The same applies to the late Totie Fields who was obese.

These were women who dared to play in a man’s world. The rules were different for women. The rules, in some ways, always will be.

Taking it one step further, let’s take look at the fictional Sally Rogers (played by Rose Marie) in the old NBC sitcom, “The Dick Van Dyke Show”. Sally was one of three comedy writers pumping out hoot for the “Allen Brady Show”. She was the only woman on staff. When the show focused in Sally, it often played heavily on her plight as a single, career woman who was funny. She was portrayed as lonely and desperate and often hooked up with horrible, horrible men and she was also portrayed as rather masculine—mainly because she was, as I mentioned in a previous paragraph, “a woman in a man’s world”. Her comments were pithy and she constantly cracked-wise. But she was a funny woman and if you believed Carl Reiner and Sheldon Leonard’s early 1960’s creative prowess, that meant her love life was in a constant state of flux and her ability to be happy across the board would always be compromised.

The audience was made to feel sorry for sad and mannish Sally; sitting her apartment, .all alone with her sense of humor.

I have often thought that women have been punished for being funny.

As contemporary female comics go, I think Roseanne had her moments.; as did Margaret Cho 13 years ago. I think comedian, Kathleen Madigan is brilliant. I’ve always thought that several females from “Saturday Night Live” have been exemplary. Molly Shannon and Kristin Wiig are terrific. . Cheri Oteri had some of the best comedic timing in the business…as did Jan Hooks. And due to her break-out success, SNL alum Tina Fey is changing the way we look at funny women. She’s attractive and that makes her far different than the women who struggled to pave the way for all women to stand in front of the Improv’s legendary brick wall.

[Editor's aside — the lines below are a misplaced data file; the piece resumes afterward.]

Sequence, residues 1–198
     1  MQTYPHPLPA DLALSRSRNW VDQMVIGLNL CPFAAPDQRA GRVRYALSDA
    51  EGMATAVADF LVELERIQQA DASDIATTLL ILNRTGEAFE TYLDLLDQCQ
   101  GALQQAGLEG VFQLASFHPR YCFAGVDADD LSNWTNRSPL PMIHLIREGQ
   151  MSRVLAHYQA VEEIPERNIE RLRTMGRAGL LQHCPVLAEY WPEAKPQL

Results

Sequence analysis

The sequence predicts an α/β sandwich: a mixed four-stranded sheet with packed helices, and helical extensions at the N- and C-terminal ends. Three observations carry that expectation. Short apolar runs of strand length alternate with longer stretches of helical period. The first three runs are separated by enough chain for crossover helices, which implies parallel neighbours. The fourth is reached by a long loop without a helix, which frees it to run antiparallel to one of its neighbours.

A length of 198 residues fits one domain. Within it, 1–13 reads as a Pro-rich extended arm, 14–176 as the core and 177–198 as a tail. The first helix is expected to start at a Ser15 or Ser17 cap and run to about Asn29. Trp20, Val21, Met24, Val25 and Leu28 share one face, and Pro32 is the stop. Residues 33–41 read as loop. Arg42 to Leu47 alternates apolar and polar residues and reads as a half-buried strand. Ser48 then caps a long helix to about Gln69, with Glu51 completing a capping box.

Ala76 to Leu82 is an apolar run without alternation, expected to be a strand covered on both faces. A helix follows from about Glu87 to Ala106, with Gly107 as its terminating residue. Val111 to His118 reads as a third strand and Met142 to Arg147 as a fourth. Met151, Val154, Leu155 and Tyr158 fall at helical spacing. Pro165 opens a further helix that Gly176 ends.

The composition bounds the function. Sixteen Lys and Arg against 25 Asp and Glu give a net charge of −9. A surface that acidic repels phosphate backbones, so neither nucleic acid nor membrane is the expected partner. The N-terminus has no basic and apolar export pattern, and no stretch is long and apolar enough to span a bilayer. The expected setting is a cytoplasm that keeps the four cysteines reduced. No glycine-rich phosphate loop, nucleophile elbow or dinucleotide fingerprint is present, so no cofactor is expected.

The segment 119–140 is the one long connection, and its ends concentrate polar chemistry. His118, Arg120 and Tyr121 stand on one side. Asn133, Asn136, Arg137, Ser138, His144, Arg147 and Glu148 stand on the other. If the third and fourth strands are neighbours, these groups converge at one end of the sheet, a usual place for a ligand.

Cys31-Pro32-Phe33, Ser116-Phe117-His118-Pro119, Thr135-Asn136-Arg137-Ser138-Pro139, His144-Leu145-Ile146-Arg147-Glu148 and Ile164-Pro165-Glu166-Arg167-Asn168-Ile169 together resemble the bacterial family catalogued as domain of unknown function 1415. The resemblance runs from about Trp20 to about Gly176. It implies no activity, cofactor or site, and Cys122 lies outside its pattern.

But fortunately, as these ladies are proving, we’re looking at women through different eyes and we’re hearing them with different ears. Women ARE funnier than they’ve ever been. I think part of that is because we’re braver than we’ve ever been. We have had to be and that’s what it will take to completely break through the comedic, glass ceiling….I’m talking about balls, ya’ll.

Women have great senses of humor. We just don’t make the best stand-ups comedians and even with the above examples, we’re still not the funniest writers. The reason?

Read on for my opinion.

I’ve been interviewed by a number of journalists and bloggers lately and the question of comedy always comes up. In one recent Q&A session, I was asked about how I write and more specifically, how is it that I’m so “funny”.

How am I funny?

That’s not an easy question to answer. I guess, I’ve been kind of different all of my life. I saw the humor in a lot of things that few of my contemporaries did. Plus, I had a fairly unhappy childhood and that seems to be a vital component to being funny. What’s the correlation? I don’t know, but there seems to be one. Some of the funniest people on the planet had absolutely miserable lives. Maybe pain forces you to see whatever can keep you from crying.

Sometimes, I don’t think I’m funny. At all...even though my resume would argue the point. I’ve several awards for writing and for comedy and I’ve had praise heaped on me like crazy by well know people in the business. Still, as creative types are want to do, my insecurities creep through from time to time and they leave me in fetal position, sucking a thumb that’s rife with self-doubt.